The UK government is seeking comments regarding amendments to current tax rules applied to lending and staking in Decentralized Finance (DeFi).
Currently, the HM Revenue and Customs (HMRC) has released an open consultation to receive comments from investors, professionals, legal accountancy, and tax advisory firms, which is expected to end on June, 22.
Interestingly, the consultation is the second phase in a five-step process that will include legislation development, implementation and monitoring, and finally reviewing the changes made. The first step began in July when the UK government asked for feedback on how to tax crypto asset loans and staking within the perimeters of DeFi.
Concerns Raised Regarding Current Tax Rules
The major issue that has been raised by industry and tax professionals is that current tax rules could lead could result in transactions being treated as disposals by the lender or liquidity provider, even if the effective economic ownership of the crypto assets is retained. Thus, resulting in tax outcomes that do not represent the underlying economic reality.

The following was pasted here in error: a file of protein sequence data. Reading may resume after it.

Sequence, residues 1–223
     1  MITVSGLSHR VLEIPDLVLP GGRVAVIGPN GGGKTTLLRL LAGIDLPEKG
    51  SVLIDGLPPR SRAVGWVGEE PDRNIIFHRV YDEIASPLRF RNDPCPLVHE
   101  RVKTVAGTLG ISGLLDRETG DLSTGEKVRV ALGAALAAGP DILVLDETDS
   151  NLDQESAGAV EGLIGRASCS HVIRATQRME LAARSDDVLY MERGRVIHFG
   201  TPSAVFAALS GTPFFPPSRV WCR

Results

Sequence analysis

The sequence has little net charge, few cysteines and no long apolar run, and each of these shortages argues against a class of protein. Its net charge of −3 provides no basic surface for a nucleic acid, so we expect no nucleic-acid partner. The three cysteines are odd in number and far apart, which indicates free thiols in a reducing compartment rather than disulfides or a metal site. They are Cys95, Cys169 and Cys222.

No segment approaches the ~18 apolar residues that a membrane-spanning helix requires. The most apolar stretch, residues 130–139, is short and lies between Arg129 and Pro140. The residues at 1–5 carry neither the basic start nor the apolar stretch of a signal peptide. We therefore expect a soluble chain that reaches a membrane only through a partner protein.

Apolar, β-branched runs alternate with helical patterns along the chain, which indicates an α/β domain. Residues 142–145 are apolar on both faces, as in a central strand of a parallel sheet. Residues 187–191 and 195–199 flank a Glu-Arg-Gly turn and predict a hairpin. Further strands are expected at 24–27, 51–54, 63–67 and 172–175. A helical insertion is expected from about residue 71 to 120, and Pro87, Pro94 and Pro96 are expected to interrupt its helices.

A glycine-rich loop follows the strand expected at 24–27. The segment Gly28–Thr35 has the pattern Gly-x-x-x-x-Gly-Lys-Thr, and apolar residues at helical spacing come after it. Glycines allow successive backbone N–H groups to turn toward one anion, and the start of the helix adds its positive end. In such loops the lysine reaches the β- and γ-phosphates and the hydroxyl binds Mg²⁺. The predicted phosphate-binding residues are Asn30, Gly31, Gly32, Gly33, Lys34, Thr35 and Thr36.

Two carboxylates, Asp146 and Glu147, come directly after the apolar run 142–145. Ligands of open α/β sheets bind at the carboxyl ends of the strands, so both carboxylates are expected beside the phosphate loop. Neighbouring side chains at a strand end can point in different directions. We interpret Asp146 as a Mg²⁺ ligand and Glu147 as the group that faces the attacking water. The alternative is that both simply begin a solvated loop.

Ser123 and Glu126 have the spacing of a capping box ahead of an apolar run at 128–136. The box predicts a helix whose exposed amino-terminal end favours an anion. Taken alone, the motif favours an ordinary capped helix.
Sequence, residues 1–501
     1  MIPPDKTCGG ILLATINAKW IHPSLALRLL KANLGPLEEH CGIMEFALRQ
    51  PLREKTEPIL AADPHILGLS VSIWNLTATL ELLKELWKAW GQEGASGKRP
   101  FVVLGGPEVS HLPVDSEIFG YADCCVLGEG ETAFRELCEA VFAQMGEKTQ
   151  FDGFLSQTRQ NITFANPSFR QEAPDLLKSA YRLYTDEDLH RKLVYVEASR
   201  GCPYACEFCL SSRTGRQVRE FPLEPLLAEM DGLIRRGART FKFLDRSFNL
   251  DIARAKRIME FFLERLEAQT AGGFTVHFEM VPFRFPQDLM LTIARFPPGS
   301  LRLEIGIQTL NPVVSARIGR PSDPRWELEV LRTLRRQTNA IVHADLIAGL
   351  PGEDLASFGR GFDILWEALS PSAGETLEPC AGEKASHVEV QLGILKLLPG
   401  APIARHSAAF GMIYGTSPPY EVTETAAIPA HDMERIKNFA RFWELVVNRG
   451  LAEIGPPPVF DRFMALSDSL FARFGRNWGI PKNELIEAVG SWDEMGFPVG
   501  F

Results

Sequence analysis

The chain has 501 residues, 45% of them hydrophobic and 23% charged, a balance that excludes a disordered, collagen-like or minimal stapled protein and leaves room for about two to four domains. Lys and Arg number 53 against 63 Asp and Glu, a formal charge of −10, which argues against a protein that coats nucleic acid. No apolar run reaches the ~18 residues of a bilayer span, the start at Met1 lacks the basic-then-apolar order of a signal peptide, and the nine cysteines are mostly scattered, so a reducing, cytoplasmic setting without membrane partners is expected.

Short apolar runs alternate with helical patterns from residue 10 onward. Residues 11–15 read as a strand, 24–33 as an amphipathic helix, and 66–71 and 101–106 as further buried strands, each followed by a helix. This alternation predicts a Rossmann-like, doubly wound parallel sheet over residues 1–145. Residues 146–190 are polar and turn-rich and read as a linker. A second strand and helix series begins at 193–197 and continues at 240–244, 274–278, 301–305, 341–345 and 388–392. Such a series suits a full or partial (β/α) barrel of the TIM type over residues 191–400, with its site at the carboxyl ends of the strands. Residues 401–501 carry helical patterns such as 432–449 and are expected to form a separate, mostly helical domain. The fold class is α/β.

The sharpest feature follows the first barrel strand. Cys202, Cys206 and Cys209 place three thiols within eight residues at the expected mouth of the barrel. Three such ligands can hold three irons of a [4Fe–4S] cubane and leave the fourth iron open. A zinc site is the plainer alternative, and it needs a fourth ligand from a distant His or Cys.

Ultimately, the consultation’s goal is to develop a framework that better balances the taxation of crypto assets used in DeFi loan and staking transactions, while also making it easier for users to comply with the regulations.
The Concept of Lending and Staking in DeFi
In Decentralized Finance (DeFi), lending and staking are two important concepts that allow users to earn passive income by providing liquidity to the ecosystem.
While lending refers to the process of supplying funds to a liquidity pool or a smart contract that pays interest rates to borrowers, staking refers to the act of holding or locking up cryptocurrency assets in a certain protocol or network in exchange for incentives.
UK’s Tax Rules on Crypto
In 2021, the government imposed a digital service tax on all crypto exchanges operating in the UK. According to reports, the exchange platforms were compelled to pay a 2% service tax.
Additionally, crypto mining and staking are both taxed activities in the UK. Thus, profits from these activities may be subject to income taxation.